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Title: Avian Anti-Predator Strategies: Specificity of Mobbing and Predator Inspection in the Australian Magpie ('Gymnorhina tibicen') and the Zebra Finch ('Taeniopygia guttata')
Contributor(s): Koboroff, Adam (author); Kaplan, Gisela  (supervisor); Rogers, Lesley  (supervisor)
Conferred Date: 2009
Copyright Date: 2008
Open Access: Yes
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Abstract: Many species have developed anti-predator defences beyond a flight and avoidance response. Some species approach predators (i.e. to mob or inspect) despite the fact that this behaviour might increase risk of capture. At the very least, it seems a counter-intuitive behaviour that requires explanation, even if some advantages may partially counteract the risks. While there have been quite detailed studies of mobbing in birds, predator inspection has only had scant mention and has been based on a study by Kruuk (1976) that, to my mind, rather described mobbing. My research was particularly interested in investigating closely the similarities and differences between mobbing and of predator inspection, having to find more evidence of the latter in birds. The thesis addresses the problem of function in both major forms of approach behaviour and it was my aim to place these questions in an ecological, developmental and territorial context. These questions were tested experimentally in the field using Australian magpies (Gymnorhina tibicen) and in the laboratory using zebra finches (Taeniopygia guttata) by presenting groups of both species with models of predators. Five experiments were conducted between September 2005 to February 2008. The results showed that juvenile dependency had little influence on mobbing/inspection of magpies but the species of predator did produce significant differences in all categories. The magpies discriminated between the aerial and ground predators and altered their response accordingly. The results strongly suggest that mobbing and predator inspection are not behaviours that are closely related, even though some overlap occurs, and are, in fact, functionally different: For instance, eye preference to view a model predator was analysed and it was found that predominantly the left eye (the right hemisphere of the brain) was used during inspection-only approaches while no bias was found during mobbing behaviour. To conclude, my results show, for the first time, that mobbing and predator inspection are functionally different and that predator inspection is functionally different from general exploration behaviour.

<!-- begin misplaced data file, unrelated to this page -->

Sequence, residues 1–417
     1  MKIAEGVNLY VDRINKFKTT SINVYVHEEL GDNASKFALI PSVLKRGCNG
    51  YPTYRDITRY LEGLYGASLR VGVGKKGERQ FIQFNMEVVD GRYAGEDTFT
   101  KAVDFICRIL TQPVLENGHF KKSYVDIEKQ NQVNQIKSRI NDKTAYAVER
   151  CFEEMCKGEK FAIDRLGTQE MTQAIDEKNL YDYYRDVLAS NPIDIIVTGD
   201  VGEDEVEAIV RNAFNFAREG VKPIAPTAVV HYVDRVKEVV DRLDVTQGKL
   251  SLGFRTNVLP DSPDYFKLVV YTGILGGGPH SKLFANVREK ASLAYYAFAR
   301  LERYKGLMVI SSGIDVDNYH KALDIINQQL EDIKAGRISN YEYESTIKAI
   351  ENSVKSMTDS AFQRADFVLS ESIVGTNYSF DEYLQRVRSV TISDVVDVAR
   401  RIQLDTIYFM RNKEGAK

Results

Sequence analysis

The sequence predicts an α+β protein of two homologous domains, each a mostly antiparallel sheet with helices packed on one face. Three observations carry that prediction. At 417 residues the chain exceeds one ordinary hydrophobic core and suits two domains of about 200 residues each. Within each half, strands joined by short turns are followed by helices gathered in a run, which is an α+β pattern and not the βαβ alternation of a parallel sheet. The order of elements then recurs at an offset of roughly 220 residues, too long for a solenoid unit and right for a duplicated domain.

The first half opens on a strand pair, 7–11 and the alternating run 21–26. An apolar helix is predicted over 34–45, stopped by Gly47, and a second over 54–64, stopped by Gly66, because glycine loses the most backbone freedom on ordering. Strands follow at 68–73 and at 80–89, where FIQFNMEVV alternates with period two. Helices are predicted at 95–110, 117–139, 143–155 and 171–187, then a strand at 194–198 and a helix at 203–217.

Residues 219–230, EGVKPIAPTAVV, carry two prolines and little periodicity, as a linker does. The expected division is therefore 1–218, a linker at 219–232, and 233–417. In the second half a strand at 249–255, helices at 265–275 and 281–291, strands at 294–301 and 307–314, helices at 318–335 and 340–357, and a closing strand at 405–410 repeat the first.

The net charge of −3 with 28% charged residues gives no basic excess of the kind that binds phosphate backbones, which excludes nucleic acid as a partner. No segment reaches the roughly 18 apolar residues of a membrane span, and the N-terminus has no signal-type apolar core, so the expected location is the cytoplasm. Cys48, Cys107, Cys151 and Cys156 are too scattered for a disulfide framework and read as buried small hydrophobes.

Publication Type: Thesis Doctoral
Field of Research (FoR): 060899 Zoology not elsewhere classified
Rights Statement: Copyright 2008 - Adam Koboroff
HERDC Category Description: T2 Thesis - Doctorate by Research
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Thesis Doctoral

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